The Fire TV logo that’s tucked away into the front bezel isn’t the only thing your current Fire TV Edition set (“Omni Series” definitely is an improvement on the branding front, at least) will be lacking. This new line has microphone arrays built in, so you can control things with your voice without having to first reach for the remote control — just like with the Amazon Fire TV Cube.
The Fire TV Omni Series will be available in late October in 43-, 50-, 55-, 65-, and 75-inch models, all with 4K UHD resolution. They’ll all support HDR10, HLG, and Dolby Digital Plus. The two largest sizes also will support Dolby Vision, as well as sport a more slim bezel.
“We’ve reimagined what a TV can do by building it with two of our most popular experiences at the core — the intelligent always-available power of far-field Alexa, and Fire TV’s content-forward approach to entertainment,” Daniel Rausch, vice president of Amazon Entertainment Devices and Services, said in a press release. “Our new Fire TV Omni Series smart TVs, with hands-free access to Alexa, make controlling your TV faster, simpler, and more natural.”
That’s the company line. The real question we had for Rausch when we talked with him leading up to the launch was this: “Why?” There already are a bunch of Fire TV sets from the likes of Toshiba and Insignia (Best Buy’s in-house brand). And along with this announcement comes another new partner — Pioneer — and even more options from longtime partner Toshiba. Do we really need an Amazon TV with Amazon’s logo on it?
The answer to “Why?” really was devilishly simple. It’s quicker and easier to make your own hardware than to rely on partners, allowing Amazon to more easily build on the platform. And Amazon then can float those iterations downstream, making all the smart TVs that use the Amazon Fire TV OS that much better.
Initially, that means the inclusion of far-field voice tech, which is what lets you yell for Alexa instead of grabbing the remote control first. It also offers an even better smart phone experience, plus a powerful “Live View Picture-in-Picture,” so you can check out any compatible connected camera without having to navigate away from whatever it was you were watching. You can see what lights were left on where. And you can have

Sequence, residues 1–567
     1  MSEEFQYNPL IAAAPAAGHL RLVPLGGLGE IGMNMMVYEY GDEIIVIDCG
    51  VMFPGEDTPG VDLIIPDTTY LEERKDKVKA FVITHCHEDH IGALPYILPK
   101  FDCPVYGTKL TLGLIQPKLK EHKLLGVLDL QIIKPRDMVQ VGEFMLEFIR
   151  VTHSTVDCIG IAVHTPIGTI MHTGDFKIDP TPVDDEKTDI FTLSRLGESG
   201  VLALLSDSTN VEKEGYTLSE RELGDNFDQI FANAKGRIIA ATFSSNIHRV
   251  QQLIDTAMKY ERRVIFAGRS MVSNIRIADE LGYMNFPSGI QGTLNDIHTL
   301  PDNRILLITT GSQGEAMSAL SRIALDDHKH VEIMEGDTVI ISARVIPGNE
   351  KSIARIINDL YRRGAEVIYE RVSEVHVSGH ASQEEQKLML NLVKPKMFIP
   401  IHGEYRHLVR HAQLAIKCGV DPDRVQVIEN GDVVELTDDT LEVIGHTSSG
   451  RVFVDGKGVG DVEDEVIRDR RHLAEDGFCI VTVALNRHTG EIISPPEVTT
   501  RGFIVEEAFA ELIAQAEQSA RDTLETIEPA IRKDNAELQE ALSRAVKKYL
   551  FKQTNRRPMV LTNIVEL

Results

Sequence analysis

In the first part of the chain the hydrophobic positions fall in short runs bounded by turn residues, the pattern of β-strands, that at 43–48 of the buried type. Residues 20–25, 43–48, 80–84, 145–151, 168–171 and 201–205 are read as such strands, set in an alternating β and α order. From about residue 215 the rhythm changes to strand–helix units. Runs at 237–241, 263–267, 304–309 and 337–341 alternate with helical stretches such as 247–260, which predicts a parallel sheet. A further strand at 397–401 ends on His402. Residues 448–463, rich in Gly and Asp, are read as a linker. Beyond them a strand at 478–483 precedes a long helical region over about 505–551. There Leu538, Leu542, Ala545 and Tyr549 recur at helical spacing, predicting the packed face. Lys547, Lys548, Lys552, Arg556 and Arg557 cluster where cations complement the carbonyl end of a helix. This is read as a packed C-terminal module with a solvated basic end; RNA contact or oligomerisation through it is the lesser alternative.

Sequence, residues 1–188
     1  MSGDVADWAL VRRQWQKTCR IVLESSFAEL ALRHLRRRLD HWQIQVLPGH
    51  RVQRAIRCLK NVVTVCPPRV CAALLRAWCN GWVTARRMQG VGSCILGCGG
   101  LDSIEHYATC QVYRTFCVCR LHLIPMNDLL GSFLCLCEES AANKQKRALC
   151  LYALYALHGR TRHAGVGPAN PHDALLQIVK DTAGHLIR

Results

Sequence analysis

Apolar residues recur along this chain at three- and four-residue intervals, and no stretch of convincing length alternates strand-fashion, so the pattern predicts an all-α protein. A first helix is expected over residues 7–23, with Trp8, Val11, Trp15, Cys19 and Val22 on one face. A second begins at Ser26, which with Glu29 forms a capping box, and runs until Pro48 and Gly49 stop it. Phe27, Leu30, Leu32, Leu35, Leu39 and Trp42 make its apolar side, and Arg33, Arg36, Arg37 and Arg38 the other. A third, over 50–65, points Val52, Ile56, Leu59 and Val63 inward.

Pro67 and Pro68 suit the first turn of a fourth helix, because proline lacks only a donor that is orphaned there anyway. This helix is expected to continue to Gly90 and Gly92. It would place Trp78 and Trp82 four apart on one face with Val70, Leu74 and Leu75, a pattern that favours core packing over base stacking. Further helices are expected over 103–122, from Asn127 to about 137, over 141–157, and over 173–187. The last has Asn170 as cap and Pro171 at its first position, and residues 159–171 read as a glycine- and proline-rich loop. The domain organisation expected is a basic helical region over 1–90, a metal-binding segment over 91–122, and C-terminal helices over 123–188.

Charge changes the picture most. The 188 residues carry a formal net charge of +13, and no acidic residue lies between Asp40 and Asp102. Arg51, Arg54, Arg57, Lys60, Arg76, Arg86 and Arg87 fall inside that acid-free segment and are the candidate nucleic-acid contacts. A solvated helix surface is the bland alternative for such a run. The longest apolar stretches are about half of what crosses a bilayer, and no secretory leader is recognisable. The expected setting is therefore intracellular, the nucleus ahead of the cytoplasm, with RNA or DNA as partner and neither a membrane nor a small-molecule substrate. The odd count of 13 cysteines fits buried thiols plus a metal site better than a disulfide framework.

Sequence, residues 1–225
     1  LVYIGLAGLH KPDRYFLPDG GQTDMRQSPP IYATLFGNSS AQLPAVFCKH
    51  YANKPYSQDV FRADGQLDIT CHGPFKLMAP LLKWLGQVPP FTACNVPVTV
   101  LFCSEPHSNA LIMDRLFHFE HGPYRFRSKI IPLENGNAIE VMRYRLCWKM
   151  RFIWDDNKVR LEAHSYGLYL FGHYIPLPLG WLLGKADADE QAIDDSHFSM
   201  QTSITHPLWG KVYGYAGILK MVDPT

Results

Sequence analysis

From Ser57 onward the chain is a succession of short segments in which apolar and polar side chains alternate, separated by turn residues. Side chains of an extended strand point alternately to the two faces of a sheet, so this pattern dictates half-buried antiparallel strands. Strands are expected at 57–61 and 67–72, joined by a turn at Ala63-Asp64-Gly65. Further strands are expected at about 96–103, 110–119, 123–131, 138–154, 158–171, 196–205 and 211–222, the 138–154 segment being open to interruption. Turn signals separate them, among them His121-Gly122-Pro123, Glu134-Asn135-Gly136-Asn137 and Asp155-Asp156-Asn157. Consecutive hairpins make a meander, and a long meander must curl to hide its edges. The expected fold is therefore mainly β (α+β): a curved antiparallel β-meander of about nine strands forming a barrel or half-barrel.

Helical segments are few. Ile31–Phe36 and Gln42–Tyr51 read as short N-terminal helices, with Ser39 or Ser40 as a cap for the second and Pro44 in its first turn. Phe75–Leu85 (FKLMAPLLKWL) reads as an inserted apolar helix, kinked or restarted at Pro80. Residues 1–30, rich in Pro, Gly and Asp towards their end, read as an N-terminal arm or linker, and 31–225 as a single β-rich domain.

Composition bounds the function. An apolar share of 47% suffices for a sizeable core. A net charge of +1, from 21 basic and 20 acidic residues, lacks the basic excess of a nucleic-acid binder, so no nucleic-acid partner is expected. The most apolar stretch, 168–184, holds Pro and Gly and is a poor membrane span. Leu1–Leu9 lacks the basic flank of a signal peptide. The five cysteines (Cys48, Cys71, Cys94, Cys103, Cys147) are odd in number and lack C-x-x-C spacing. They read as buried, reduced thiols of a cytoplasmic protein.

And all this comes in a relatively affordable package. The 43-inch Fire TV Omni launches at $410. The 50-inch model retails for $510, and the 55-incher at $560. The two largest options understandably cost a bit more but are still pretty competitive, with the 65-incher at $830 and the 75-incher at $1,100.
Meanwhile, Amazon also is dropping three more Fire TV sets that fall under a new “4-Series” branding (which falls dangerously close to TCL’s Roku TV branding, but that’s a problem for the lawyers). They’re also branded as Amazon sets, but lack the far-field microphones, and the price tags that come along with them. You’ll still get four HDMI ports — one eARC — as well as Ethernet, USB, a headphone jack, optical audio output, and even a built-in IR emitter.
The Amazon Fire TV 4-Series sets come with 4K UHD resolution standard. The lineup weighs in at 43 inches for $370, 50 inches for $470, and 55 inches for $520.
As mentioned above, Amazon is sending some of the tech developed for the Omni Series downstream to its partners. Toshiba — a longtime partner with Amazon and Best Buy — will have a four-microphone array built in to a new series of televisions coming by spring 2022. They’ll be available in 55-, 65-, and 75-inch options.
But first we’ll see new Fire TV sets from Pioneer, which will bring 43-inch and 50-inch options to Amazon and Best Buy. The smaller of the two will ship in late September, and the 50-incher in early November in the U.S. and Canada.
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